"Chris Lim" <> wrote in message
    news:...
    On Apr 2, 8:57 pm, "Jack Spratt" <pickledpork@_nospam_gmail.com>
    wrote:
    > So something bad should have happened to avoid something bad happening in
    > the future?
    > ;-)


    More like something slightly bad should have happened to avoid
    something really bad happening in the future. Like a minor tremor to
    make people realise an earthquake is a real possibility.

    ---
    Does the fact that nothing that bad happened not indicate a greater
    awareness by the casual user rather than future apathy?



    --
    Jack Spratt
    Jack Spratt, Apr 2, 2009
    #8
  9. JohnO

    Chris Lim Guest

    On Apr 2, 9:05 pm, "Jack Spratt" <pickledpork@_nospam_gmail.com>
    wrote:
    > "Chris Lim" <> wrote in message
    >
    > news:...
    > On Apr 2, 8:57 pm, "Jack Spratt" <pickledpork@_nospam_gmail.com>
    > wrote:
    >
    > > So something bad should have happened to avoid something bad happening in
    > > the future?
    > > ;-)

    >
    > More like something slightly bad should have happened to avoid
    > something really bad happening in the future. Like a minor tremor to
    > make people realise an earthquake is a real possibility.
    >
    > ---
    > Does the fact that nothing that bad happened not indicate a greater
    > awareness by the casual user rather than future apathy?


    Dunno, it might, or it might just have been luck. I often come across
    people who think the Y2K bug was just a big scare over nothing (even
    though you try and explain that the reason nothing major happened is
    because of all the work done). I have a feeling the Conficker virus
    will be seen in the same way and sooner or later people will treat IT
    warnings a bit like doomsday cults where the End of the World is
    constantly predicted but never happens. So a little scare might be
    useful to let people know that it is real.
    Chris Lim, Apr 2, 2009
    #9
  10. JohnO

    Jack Spratt Guest

    "Chris Lim" <> wrote in message
    news:...
    On Apr 2, 9:05 pm, "Jack Spratt" <pickledpork@_nospam_gmail.com>
    wrote:
    > "Chris Lim" <> wrote in message
    >
    > news:...
    > On Apr 2, 8:57 pm, "Jack Spratt" <pickledpork@_nospam_gmail.com>
    > wrote:
    >
    > > So something bad should have happened to avoid something bad happening
    > > in
    > > the future?
    > > ;-)

    >
    > More like something slightly bad should have happened to avoid
    > something really bad happening in the future. Like a minor tremor to
    > make people realise an earthquake is a real possibility.
    >
    > ---
    > Does the fact that nothing that bad happened not indicate a greater
    > awareness by the casual user rather than future apathy?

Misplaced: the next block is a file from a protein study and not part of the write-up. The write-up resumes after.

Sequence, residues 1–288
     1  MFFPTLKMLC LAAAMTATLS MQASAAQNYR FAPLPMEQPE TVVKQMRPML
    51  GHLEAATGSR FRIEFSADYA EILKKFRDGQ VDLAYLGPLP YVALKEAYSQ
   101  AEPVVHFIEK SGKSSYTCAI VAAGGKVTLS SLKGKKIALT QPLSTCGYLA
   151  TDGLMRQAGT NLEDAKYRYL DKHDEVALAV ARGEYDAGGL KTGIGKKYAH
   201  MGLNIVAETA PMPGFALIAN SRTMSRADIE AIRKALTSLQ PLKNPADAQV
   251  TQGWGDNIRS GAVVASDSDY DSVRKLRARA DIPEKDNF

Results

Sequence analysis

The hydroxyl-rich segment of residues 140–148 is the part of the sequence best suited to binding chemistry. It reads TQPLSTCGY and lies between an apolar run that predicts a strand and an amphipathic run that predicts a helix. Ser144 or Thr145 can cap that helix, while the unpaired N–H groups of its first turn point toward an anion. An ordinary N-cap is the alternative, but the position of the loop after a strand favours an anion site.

Dunno, it might, or it might just have been luck. I often come across
    people who think the Y2K bug was just a big scare over nothing (even
    though you try and explain that the reason nothing major happened is
    because of all the work done). I have a feeling the Conficker virus
    will be seen in the same way and sooner or later people will treat IT
    warnings a bit like doomsday cults where the End of the World is
    constantly predicted but never happens. So a little scare might be
    useful to let people know that it is real.


    ----
    Same people might benefit from a near miss at an intersection lest they
    forget the dangers of not looking both ways
    Jack Spratt, Apr 3, 2009
    #10
  11. JohnO

    Mike Dee Guest

    "Jack Spratt" <pickledpork@_nospam_gmail.com> wrote:

    > "Chris Lim" <> wrote in message
    > news:.
    > com... On Apr 2, 9:05 pm, "Jack Spratt"


    >> More like something slightly bad should have happened to avoid
    >> something really bad happening in the future. Like a minor tremor
    >> to make people realise an earthquake is a real possibility.
    >>
    >> Does the fact that nothing that bad happened not indicate a
    >> greater awareness by the casual user rather than future apathy?


    I doubt that. More likely it was all hype to begin with. The only
    place I ever heard about (to any degree was mainstream media and
    usenet)

    > Dunno, it might, or it might just have been luck. I often come
    > across people who think the Y2K bug was just a big scare over
    > nothing (even though you try and explain that the reason nothing
    > major happened is because of all the work done). I have a feeling
    > the Conficker virus will be seen in the same way and sooner or
    > later people will treat IT warnings a bit like doomsday cults
    > where the End of the World is constantly predicted but never
    > happens. So a little scare might be useful to let people know that
    > it is real.


    I think mainstream media has forgotten about it already. April 01
    was about the only thing it going for it for getting such attention
    in the first place.

    That this "threat" was recognised as being hype beforehand,
    even respected IT media outlets such as PCWorld was saying as much
    upfront.

    Read: <http://www.pcworld.com/article/162102/april_fools_conficker_threat_is_likely_hype.html>

    or simply google "conficker hype".

    Anyway, I also think that this "event" is typical of
    mainstream media fodder/filler material.

    --
    dee
    Mike Dee, Apr 3, 2009
    #11
  12. JohnO

    Jack Spratt Guest

    "Mike Dee" <> wrote in message
    news:Xns9BE2D6304CAB2emteedee@87.106.137.111...
    > "Jack Spratt" <pickledpork@_nospam_gmail.com> wrote:
    >
    >> "Chris Lim" <> wrote in message
    >> news:.
    >> com... On Apr 2, 9:05 pm, "Jack Spratt"

    >
    >>> More like something slightly bad should have happened to avoid
    >>> something really bad happening in the future. Like a minor tremor
    >>> to make people realise an earthquake is a real possibility.
    >>>
    >>> Does the fact that nothing that bad happened not indicate a
    >>> greater awareness by the casual user rather than future apathy?

    >
    > I doubt that. More likely it was all hype to begin with. The only
    > place I ever heard about (to any degree was mainstream media and
    > usenet)


    A reported 15 million computers affected/infected.
    Jack Spratt, Apr 3, 2009
    #12
  13. JohnO

    Mike Dee Guest

    Jack Spratt wrote: